Technically, the indicators still work as they continue to react to price. But the main factor is that trading illiquid stocks based off the technicals can be very risky. The main reason for this is the fact that a few large orders can push price in either direction.
Therefore the erratic market movements can potentially render most technical indicators or price action based trading techniques practically useless.
The next chart below shows the stock price for Addvantage Technologies Group Inc. from NASDAQ with ticker AEY. Using the Stochastics oscillator, you can see that the indicator does not offer any value. Price action remains in a consolidation and the large spikes in price are something that cannot be ignored.
Trading with technical indicators on such a price chart can be challenging to say the least.
Even moving to the intraday chart time frame for the above stock as an example can reveal no meaningful information. While it is true that price action is generally very volatile, this can be one of the reasons day traders could feel tempted to trade illiquid stocks.
But the lack of being able to apply any meaningful analysis to the price charts of the illiquid stocks can lead to devastating results.
3. Difficulty in price fills
Price fill is basically the price at which your buy or sell order is filled. In most cases, depending on the volatility and the stock in question, price fills can differ. Needless to say, in some cases even some liquid stocks will come with a difference in price fill.
When you apply this to illiquid stocks, you can be certain that price fills can be very wide. Due to the lack of liquidity, the broker will quote you the best available price. At times, if you get lucky, you might be able to get into or exit a stock as a good price. But this is very rare.
With intraday trading or even long term buy and hold investment strategy, price fills can significantly eat into the profits. At times, your trade will continue staying in a loss until price moves up and above the price at which you were filled.
This poses the risks of both entering and exiting a position. With illiquid stocks, even if your trade has been in profit, the price at which your sell order is filled can quickly erode your profits. The main reason for this is because your broker or the counterparty is also at equal risk.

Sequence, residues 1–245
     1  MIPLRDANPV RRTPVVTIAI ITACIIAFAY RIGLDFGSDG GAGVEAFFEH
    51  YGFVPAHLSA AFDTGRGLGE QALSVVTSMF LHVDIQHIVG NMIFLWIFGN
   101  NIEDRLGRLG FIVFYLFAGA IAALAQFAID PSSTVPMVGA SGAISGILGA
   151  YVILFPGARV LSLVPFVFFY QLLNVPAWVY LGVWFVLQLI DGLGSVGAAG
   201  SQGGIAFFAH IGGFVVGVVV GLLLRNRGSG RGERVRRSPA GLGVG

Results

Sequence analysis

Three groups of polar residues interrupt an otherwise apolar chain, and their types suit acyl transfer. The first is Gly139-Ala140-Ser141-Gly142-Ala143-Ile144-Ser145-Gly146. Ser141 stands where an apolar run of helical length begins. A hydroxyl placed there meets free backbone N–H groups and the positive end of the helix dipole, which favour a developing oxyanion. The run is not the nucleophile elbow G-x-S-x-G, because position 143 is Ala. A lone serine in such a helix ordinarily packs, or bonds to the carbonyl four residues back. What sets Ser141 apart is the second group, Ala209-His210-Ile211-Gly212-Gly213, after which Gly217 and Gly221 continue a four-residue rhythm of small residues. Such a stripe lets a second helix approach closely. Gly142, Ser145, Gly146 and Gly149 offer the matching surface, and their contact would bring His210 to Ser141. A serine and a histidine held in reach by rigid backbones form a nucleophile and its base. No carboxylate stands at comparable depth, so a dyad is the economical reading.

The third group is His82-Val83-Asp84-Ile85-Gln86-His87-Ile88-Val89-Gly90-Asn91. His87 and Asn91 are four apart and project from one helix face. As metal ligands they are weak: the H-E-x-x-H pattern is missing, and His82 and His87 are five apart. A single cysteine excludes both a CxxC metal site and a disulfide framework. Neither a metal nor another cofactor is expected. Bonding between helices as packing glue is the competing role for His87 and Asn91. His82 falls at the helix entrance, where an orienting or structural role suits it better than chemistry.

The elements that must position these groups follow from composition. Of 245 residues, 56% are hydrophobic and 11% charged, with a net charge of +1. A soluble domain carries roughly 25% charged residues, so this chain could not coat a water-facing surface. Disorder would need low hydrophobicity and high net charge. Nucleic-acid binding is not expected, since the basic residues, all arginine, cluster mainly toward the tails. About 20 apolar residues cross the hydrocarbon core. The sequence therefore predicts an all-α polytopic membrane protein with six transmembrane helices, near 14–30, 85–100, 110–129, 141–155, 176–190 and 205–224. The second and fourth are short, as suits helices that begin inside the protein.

With a market maker, the chances are even high as they try to get the best out of the buy and sell orders. One might argue that they could break up their positions into smaller units. Still, if there is a pattern or a consistent method being used, it would be easily recognizable.
The more position you have exposed to the illiquid stock, the higher the chances that it will be difficult to exit. Furthermore, if the stock in question starts to turn volatile your capital, let alone profits can quickly lead to losses.
4. Spreads and poor execution
A spread is the difference between ask and bid price. The buy and sell price. Anyone who has traded stocks or any other markets would know ask and bid price. This is the difference between the price at which you buy and sell.
While most liquid stocks enjoy tighter spreads, the story is different when it comes to illiquid stocks. It once again comes down to the volume. Spreads go hand in hand with price fill. Usually, tighter the spreads are the better chances you have of getting a good price fill.
Conversely, the wider the spreads are, your chances of getting good price fill gets worse.
If you wanted to enter a trade at say around $1.00, due to the wide spreads, your trade might actually get filled at $1.50. Now if you were targeting $2.00, you can see that your trade was filled at a bad price.
When it comes to illiquid stocks, one often thinks of stocks trading under $5 on average. However, that is not the case. Take the example of Kallo Inc. (KALO) trading on the OTC markets.
You can see that at one point, the stock was over $100. However, the trading volumes have remained so low. You can see how a spike in volume pushed the price for Kallo as high as $250 before the stock fell back strongly.
Entering a long position on the spike, assuming the stock would continue to push higher would have been a big mistake. Even those who were short the stock near the close of the bullish spike would have been at a loss.
The next day, price action opened near $250 before closing bearish. In the above example, regardless of whether you buy or sell you would face mounting losses.
Illiquid stocks – A good reason to stay away
Illiquid stocks might be tempting in many ways. Most often, the reason why some traders feel the need to trade penny stocks is greed. The prospects of making quick money on stocks with low volumes and falling below the regulatory radar can be a recipe for disaster.
While it is true that higher risk can bring you higher profits, with illiquid stocks that is not always the case. For the most part, the average retail investor is always at a disadvantage. A few big orders from a medium sized hedge fund could quickly result in price being manipulated.
There are instances of traders making big money betting on illiquid stocks. But such stories are rare and they make the news only because someone managed to get it right. However, in most cases, the risks far outweigh the rewards when it comes to trading illiquid stocks.